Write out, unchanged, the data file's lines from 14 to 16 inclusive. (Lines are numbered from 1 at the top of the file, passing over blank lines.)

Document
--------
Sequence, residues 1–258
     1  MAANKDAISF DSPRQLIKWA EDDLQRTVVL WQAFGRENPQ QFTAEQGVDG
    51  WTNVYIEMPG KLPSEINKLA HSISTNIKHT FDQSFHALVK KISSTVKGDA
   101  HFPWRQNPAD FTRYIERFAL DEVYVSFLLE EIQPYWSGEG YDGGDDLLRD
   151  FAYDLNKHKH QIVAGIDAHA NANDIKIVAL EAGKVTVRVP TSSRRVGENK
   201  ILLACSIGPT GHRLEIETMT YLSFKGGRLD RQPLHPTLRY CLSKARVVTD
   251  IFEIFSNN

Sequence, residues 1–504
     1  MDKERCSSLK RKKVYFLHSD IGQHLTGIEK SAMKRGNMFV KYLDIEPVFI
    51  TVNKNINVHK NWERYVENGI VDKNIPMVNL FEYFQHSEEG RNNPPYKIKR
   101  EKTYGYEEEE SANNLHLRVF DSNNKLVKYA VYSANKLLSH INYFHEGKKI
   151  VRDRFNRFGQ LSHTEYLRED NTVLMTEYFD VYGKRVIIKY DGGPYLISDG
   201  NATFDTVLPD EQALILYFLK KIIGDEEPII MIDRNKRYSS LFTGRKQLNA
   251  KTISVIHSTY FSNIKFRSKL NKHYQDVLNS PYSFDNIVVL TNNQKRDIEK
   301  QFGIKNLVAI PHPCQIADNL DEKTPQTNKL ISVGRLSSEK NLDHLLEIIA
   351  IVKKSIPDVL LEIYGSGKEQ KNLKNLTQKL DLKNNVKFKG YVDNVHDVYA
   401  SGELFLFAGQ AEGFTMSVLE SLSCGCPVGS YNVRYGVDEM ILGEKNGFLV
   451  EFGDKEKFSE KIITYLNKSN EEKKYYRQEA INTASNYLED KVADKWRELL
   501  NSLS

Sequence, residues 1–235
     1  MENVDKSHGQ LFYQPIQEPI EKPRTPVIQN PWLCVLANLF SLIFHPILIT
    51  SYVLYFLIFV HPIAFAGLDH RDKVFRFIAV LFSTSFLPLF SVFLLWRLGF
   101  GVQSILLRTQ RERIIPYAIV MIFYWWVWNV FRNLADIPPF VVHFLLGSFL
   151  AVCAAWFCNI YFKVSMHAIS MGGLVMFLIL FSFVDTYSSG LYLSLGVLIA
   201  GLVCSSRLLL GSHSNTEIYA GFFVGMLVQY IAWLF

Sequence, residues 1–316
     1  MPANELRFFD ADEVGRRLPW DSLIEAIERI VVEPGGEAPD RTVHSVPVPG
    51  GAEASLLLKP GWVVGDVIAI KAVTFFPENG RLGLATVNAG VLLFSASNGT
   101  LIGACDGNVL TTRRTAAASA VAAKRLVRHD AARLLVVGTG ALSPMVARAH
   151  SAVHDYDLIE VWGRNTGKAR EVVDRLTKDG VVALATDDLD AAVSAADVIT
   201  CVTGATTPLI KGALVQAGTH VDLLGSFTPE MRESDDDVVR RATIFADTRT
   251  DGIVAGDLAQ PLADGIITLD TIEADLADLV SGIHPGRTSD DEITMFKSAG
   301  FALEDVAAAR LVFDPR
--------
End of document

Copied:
   251  KTISVIHSTY FSNIKFRSKL NKHYQDVLNS PYSFDNIVVL TNNQKRDIEK
   301  QFGIKNLVAI PHPCQIADNL DEKTPQTNKL ISVGRLSSEK NLDHLLEIIA
   351  IVKKSIPDVL LEIYGSGKEQ KNLKNLTQKL DLKNNVKFKG YVDNVHDVYA